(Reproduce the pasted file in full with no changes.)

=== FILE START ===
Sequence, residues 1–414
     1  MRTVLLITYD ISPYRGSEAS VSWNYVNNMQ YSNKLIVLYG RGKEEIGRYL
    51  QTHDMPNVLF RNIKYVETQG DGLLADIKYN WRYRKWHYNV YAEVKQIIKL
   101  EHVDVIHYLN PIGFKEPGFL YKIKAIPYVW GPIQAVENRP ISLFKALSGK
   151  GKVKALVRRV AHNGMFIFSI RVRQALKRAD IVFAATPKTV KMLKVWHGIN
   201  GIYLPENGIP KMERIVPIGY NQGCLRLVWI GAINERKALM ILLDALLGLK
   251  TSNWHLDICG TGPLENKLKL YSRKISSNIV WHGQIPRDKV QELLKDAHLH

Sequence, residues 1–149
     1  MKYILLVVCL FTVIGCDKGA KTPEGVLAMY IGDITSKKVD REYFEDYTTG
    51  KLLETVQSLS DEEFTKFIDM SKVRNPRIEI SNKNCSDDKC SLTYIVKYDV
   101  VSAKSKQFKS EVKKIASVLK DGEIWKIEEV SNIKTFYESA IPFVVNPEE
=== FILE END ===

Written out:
Sequence, residues 1–414
     1  MRTVLLITYD ISPYRGSEAS VSWNYVNNMQ YSNKLIVLYG RGKEEIGRYL
    51  QTHDMPNVLF RNIKYVETQG DGLLADIKYN WRYRKWHYNV YAEVKQIIKL
   101  EHVDVIHYLN PIGFKEPGFL YKIKAIPYVW GPIQAVENRP ISLFKALSGK
   151  GKVKALVRRV AHNGMFIFSI RVRQALKRAD IVFAATPKTV KMLKVWHGIN
   201  GIYLPENGIP KMERIVPIGY NQGCLRLVWI GAINERKALM ILLDALLGLK
   251  TSNWHLDICG TGPLENKLKL YSRKISSNIV WHGQIPRDKV QELLKDAHLH

Sequence, residues 1–149
     1  MKYILLVVCL FTVIGCDKGA KTPEGVLAMY IGDITSKKVD REYFEDYTTG
    51  KLLETVQSLS DEEFTKFIDM SKVRNPRIEI SNKNCSDDKC SLTYIVKYDV
   101  VSAKSKQFKS EVKKIASVLK DGEIWKIEEV SNIKTFYESA IPFVVNPEE